Family fun in Belize
Children can see the endangered black howler monkey at Belize’s Community Baboon Sanctuary. (Tom Boyden/LPI)
Belize has many of the key ingredients needed for a quality family holiday: it is affordable compared to other Caribbean destinations, and it is safe compared to other Central American destinations. But the best reasons for families to visit Belize are the same as for everybody else: wildlife encounters, action and adventure, and plenty of fun in the sun.
The vast network of national parks and wildlife sanctuaries in Belize provides a safe haven for wildlife that delights animal-lovers of all ages. However, animals and birds are elusive, and children do not usually have the patience or endurance to find them -- unless you know exactly where to look.
The Community Baboon Sanctuary (CBS) is a grassroots conservation operation that occupies about 20 square miles, spread over several Creole villages in the Belize River Valley. It is all private property, but the landowners have pledged to preserve the habitat of the endangered black howler monkey (which Belizeans call “baboons”). The result has been an impressive increase in the primate's local population, which now roam freely around the surrounding area. From the CBS visitor centre in Bermudian Landing, local village guides lead short nature walks that provide an up-close introduction to a resident troop of black howlers. The monkeys are wild, but they are accustomed to visitors, and more importantly, the guides know where they hang out, so kids can see the monkeys howling it up in their natural habitat.
To see other species of indigenous animals, visit the Belize Zoo. This unique 29-acre facility provides a home for animals that have been orphaned, injured or rescued from captivity. Kids get to look at wildlife that is unlikely to be spotted elsewhere, including big cats like jaguars and ocelots, as well as the Belizean national animal, Baird's tapir. The bonus is that the zoo is relatively porous, meaning that alongside the resident wildlife, you will also come across creatures that have come in from the surrounding jungle, such as agoutis, iguanas, snakes, squirrels and jungle birds of all sorts.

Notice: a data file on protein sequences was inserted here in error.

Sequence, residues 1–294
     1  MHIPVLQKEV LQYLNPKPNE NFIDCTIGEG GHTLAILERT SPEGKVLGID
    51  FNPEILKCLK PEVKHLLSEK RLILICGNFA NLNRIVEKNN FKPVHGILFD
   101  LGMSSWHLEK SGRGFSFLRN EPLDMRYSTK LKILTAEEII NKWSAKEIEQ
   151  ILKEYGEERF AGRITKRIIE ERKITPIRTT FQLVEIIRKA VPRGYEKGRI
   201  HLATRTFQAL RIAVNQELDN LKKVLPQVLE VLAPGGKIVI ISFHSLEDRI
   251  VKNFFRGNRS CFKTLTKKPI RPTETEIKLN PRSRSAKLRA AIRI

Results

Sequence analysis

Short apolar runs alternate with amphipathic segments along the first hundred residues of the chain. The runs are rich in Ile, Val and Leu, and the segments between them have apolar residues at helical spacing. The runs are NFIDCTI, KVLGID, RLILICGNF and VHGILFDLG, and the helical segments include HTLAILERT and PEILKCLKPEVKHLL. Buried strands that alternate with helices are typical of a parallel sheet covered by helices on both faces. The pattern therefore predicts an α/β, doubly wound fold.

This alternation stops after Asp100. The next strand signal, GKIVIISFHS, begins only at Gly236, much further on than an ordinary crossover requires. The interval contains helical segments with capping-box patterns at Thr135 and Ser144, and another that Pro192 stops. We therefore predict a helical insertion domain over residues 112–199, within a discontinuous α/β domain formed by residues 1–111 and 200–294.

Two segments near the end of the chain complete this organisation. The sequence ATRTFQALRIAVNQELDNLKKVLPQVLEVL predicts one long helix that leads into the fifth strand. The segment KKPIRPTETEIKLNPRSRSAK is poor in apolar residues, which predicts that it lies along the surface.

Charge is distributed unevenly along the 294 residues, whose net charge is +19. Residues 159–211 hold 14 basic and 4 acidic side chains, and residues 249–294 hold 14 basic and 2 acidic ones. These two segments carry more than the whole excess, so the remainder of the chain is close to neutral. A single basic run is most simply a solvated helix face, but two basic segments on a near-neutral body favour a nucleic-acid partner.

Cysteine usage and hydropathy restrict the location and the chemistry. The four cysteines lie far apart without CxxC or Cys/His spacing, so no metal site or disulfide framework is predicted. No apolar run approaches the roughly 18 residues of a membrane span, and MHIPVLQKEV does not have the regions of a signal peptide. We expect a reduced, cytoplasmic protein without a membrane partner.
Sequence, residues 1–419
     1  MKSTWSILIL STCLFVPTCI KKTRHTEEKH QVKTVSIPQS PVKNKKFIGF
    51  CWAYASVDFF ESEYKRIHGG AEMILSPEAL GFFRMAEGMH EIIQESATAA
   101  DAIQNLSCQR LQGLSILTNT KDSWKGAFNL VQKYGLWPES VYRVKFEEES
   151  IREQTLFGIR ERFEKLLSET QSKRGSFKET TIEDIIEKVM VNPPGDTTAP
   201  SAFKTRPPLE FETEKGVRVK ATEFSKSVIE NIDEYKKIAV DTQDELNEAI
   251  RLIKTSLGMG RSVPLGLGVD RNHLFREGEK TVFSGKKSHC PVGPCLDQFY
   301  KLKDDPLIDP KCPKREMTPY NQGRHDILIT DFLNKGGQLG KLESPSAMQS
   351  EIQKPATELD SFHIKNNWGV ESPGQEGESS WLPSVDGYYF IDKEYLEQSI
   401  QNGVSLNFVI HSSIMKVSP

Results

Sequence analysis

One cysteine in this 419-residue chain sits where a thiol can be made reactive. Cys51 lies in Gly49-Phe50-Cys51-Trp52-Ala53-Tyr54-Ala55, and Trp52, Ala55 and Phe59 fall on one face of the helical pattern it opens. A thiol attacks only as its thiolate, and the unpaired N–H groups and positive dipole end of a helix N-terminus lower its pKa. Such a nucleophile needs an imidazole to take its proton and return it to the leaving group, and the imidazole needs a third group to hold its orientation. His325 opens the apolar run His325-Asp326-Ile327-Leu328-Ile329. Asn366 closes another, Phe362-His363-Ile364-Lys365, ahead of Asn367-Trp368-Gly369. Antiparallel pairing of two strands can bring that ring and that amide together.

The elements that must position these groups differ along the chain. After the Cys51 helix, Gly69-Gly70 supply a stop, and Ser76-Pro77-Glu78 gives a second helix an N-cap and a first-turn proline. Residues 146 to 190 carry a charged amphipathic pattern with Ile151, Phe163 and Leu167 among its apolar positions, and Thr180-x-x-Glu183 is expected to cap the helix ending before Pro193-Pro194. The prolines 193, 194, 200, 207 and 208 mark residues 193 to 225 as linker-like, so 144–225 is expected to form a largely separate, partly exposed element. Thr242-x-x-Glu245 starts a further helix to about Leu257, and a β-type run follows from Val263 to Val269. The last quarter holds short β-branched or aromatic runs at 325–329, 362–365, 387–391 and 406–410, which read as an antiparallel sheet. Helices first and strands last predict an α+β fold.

Action and adventure
Travellers visit Belize to explore mysterious Maya ruins, lush jungle trails and deep, dark caves. This might not sound exactly like a family vacation, but actually, nobody loves action and adventure more than kids. Most of the country's adventure tours and activities can easily accommodate children and teenagers, though they are generally not appropriate for toddlers and babies.
The private jungle lodge at the Caves Branch Adventure Company is set on 90 square miles of adventure wonderland. Visitors can go horse riding, cave tubing, jungle walking and river kayaking, and guides are specially trained to make sure that the tours are safe and engaging for travellers of all ages. The on-site accommodations are also perfect for families: kids love to sleep in the tree house suites or bathe in the exotic outdoor showers. Best of all, children under nine stay and play for free.
Sun and sea
Thanks to its 240 miles of coastline, Belize is the perfect place to pursue all kinds of saltwater activities, many of which will also thrill children. Older kids and teens might enjoy sailing, windsurfing and kayaking, and children as young as five or six can go snorkelling and spy on the creatures that inhabit the coral reef.
An ideal base for a sun and sea holiday is Ak'bol Yoga Retreat and Eco Resort on the north island of Ambergris Caye. The rustic retreat is about two miles north of San Pedro, the country's biggest seaside resort town, providing easy access to all of the aforementioned water sports. Ak'bol is designed with families in mind, with a swimming pool and play area on the delightful grounds. The Kids' Clubhouse offers hours of entertainment, including children's yoga classes, nature walks and other activities specifically for little people. At the end of the day, families can retire to eco-chic thatch-roof cabanas, with a cosy loft space providing the perfect place for kids to sleep.
Mara Vorhees is co-author of the Lonely Planet guide to Belize.